Good evening from 79º North (more informally: that’s very far North). It’s freezing. Proper freezing: –20ºC air temperature, plus a hint of moist wind, and with a sun barely popping over the surrounding mountain tops. And just before I left the house to fly here (whilst doing my last-second packing), I realised that I had left most of my thermal clothes on a washing line down in Antarctica in January……..
Anyhow, things are progressing here in somewhat a slightly unusual manner. This is because we have a team from the BBC working from here as well (for the Today programme on Radio 4), who are darting around compiling stories about research and life conducted up here. And also because there is a team from the UK Research Councils who are also darting around, making sure the BBC people don’t slip up — in both senses. It’s great and fascinating to have the BBC guys here, who have shown genuine interest in matters, and we’re utterly impressed by how hard they work. As we await for the programme’s live broadcast tomorrow morning, where some tedious Brexit story will likely supplant our (we like to think) far more interesting meteorite story, we do have the consolation prize that we’ve set the last two Puzzles for Today on their programme.
As for the meteorite project: things are going rather well (I say this even as John, Liam and Wouter stand 2m away from me studying a severely broken metal detector). This is because we’re getting excellent and repeatable results from our main metal detector, where we’re ‘seeing’ objects being detected in real time at the depths we hope to find the meteorites, across a range of skidoo speeds. The one big caveat however is that ‘down’ South we’ll be searching over solid glacial ice, whereas ‘up’ North we’re testing over soft fresh snow. The former has the potential to give more vibrations to the system than the snow, and, if not accounted for, has the potential to swamp meteorite signals.
As for the wildlife? There’s a couple of Svalbard reindeer hanging around the camp, but the Arctic foxes from last year seem to have moved on. Maybe this will change shortly, as sunlight is increasing by almost 25 minutes a day at the moment!
We’ll be back in touch with the latest Brexit, I mean
meteorite, update, later in the week.
After 11 days in the tent at the end of our season Julie and I arrived back at Halley this afternoon (via a great stop en route close to the mountains). It is so warm here compared to our field camp — it feels like the tropics. Captain Vicky, our Twin Otter pilot, has done an amazing job of making use of weather windows to get us home and to a very much needed warm shower. We will start to wing our way west to Rothera in the next day or so, and then onwards to the UK.
Mike Rose, who has been helping Geoff with the panel setup at Sky Blu is also at Halley and we have had a quick catch up about that part of the project. We also have caught up with the team here who have been doing our nightly scheduled chats (thanks very much Sarah, Alan, Barney and Rich — it has been really good to talk each evening through the season) and those who have helped co-pilot our flights all season (thanks Josh and Tom for doing the last two). We have even had time to do a bit of washing and drink a few more cups of tea before the bag repacking starts all over again. Pizza for lunch was amazing.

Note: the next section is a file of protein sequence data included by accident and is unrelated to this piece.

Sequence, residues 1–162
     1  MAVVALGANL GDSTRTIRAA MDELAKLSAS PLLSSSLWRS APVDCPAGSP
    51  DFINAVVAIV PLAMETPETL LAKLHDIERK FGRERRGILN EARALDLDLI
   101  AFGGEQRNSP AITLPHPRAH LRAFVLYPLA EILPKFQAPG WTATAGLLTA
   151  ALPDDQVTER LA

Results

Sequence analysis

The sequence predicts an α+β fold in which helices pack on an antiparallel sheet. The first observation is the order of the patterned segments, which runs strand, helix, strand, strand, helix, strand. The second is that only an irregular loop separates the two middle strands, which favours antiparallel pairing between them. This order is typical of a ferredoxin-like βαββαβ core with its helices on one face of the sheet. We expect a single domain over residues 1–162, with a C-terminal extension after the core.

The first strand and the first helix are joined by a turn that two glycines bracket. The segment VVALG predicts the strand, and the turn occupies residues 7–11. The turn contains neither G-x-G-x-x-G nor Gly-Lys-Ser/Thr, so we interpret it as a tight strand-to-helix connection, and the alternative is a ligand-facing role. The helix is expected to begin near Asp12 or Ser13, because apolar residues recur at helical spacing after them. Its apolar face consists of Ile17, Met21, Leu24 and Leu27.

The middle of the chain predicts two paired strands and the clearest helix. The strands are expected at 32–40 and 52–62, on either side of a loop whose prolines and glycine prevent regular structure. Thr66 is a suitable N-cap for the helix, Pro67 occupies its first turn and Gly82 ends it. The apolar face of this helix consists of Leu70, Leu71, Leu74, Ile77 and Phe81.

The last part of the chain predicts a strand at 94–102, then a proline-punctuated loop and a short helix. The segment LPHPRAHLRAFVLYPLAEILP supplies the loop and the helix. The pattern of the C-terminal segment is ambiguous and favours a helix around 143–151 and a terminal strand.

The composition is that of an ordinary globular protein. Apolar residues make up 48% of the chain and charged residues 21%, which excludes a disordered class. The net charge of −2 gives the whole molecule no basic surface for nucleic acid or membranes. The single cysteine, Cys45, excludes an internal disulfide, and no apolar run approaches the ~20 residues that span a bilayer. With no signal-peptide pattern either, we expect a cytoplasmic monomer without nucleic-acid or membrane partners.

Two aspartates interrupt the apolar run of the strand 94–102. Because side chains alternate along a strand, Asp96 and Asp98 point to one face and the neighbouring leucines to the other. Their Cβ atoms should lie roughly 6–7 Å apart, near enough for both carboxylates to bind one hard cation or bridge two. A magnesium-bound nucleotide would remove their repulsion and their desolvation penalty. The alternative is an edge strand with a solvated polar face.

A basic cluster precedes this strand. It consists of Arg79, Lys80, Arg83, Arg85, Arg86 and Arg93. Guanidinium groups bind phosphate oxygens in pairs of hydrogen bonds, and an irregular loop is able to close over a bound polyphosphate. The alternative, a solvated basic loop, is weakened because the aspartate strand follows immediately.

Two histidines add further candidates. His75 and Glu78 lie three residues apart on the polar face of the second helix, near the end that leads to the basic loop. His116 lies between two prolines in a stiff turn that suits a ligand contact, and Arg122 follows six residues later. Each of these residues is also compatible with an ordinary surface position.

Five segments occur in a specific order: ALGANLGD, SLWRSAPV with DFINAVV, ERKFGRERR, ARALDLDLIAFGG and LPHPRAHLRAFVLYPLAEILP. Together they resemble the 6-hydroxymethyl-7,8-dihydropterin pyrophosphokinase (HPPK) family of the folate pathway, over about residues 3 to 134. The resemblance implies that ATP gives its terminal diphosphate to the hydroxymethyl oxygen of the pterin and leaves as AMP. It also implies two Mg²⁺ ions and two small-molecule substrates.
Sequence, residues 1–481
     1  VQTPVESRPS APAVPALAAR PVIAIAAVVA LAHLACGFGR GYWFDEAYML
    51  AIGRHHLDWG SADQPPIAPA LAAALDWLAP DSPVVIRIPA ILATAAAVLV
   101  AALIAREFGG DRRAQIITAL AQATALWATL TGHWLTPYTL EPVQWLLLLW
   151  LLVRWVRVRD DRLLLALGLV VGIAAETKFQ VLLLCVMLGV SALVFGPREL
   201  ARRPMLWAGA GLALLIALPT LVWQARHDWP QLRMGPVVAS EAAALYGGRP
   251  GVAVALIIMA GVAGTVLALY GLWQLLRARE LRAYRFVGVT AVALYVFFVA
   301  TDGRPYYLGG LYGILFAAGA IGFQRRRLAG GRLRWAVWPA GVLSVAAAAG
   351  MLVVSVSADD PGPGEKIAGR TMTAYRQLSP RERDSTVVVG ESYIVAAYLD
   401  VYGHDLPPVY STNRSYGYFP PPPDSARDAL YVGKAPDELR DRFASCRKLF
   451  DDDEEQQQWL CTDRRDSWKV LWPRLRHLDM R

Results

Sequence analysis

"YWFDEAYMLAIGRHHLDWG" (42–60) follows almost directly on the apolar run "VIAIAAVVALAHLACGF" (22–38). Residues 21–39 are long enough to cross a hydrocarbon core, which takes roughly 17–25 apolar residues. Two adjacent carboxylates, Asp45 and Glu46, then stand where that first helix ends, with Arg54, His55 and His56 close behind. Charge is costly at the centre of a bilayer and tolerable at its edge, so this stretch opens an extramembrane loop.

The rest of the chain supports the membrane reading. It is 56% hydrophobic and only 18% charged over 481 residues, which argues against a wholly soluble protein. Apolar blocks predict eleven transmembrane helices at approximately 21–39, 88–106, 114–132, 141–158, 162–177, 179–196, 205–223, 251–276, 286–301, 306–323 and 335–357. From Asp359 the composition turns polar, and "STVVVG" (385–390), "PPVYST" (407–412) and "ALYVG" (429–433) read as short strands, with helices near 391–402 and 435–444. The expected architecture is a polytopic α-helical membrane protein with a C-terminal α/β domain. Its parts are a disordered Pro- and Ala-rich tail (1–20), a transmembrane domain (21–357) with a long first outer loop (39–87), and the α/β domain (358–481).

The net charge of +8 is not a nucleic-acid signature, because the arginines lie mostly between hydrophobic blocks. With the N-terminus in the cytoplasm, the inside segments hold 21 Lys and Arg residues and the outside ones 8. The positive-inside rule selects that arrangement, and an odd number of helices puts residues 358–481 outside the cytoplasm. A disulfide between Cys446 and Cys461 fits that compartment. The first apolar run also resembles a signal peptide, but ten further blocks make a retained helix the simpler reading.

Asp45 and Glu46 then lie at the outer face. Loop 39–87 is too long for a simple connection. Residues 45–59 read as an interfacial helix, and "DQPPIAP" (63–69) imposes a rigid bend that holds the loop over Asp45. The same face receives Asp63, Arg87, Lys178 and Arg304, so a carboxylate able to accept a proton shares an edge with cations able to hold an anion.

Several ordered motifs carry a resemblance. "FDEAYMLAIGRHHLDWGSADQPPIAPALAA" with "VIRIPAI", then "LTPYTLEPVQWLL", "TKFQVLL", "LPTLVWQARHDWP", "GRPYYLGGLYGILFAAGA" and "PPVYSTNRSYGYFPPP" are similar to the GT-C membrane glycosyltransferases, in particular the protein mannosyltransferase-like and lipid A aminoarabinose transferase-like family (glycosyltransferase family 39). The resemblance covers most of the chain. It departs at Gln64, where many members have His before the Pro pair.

I am looking
forward to having a proper bed for the night, although will miss both the quiet
and the loud of being in the field.
We are waiting for a break in the weather for pilot Vicky to come from Halley research station to bring in a plane load of equipment to be depoted for next season, and then make another flight to pick us up and take us back to Halley to start our journey home. It has been cloudy and snowy the last couple of days – down to –18 ºC yesterday with 5 to 10 knot winds, we have had a couple of inches or snow that has drifted to be 6 inches or so in some places, and at night it has been below zero in the tent with our water bottles freezing up. The weather is forecast to continue to be cloudy and snowy with some occasional cloud breaks for the next couple of days, and we are not sure when the surface contrast will be good enough for the plane to get in. We are waiting for satellite pictures and are doing local weather observations to help planning.
In celebration of Burns night, we listened in via radio to Halley’s folk night the other night where staff on station came together to play music they have written and covers of bands. Thanks guys for helping us listen in, we are sad not to have been able to join in person and enjoy the music and haggis. We sent over a meteorite search themed prose that James (thanks for stepping up!) read out for us – inspired by the balcony scene from Romeo and Juliet:
Meteorite, meteorite wherefore art thou meteorite, Do not hide in the ice and refuse thy seekers, Come to the surface and be collected by giant tweezers And you’ll no longer be a forgotten rock. Tis but a hard landing that is the enemy, Thou art a hunter, but a scientist also. What’s a meteorite? It’s not granite nor sandstone, Nor basalt nor limestone nor any other rock belonging to earth. Oh be not a meteorite wrong. What is a meteorite? That which has a fusion crusted by any other appearance would not be as sweet. So a meteorite core is full of surprises With crystals, chondrules, and clasts a plenty. Meteorite doff thy hiding place and for the sake of science, show us thy secrets. And give all thy self.
Also we would like to thank vehicle mech Jack for sending us his own meteorite inspired poem:
Searching for the smallest trace Of rocks that fell from space But you knew where to go And under the snow You would find them all over the place
Hopefully the next blog will be from Halley as I am not sure how many more updates from the field can involve the words tent day, cloudy and snowy… In the meantime, we are sitting tight keeping warm with lots of hot drinks and food and are doing a lot of reading and watching some TV series and dreaming of when we will able to have a hot shower. The biggest worry is that we have only three teas bags left… 😦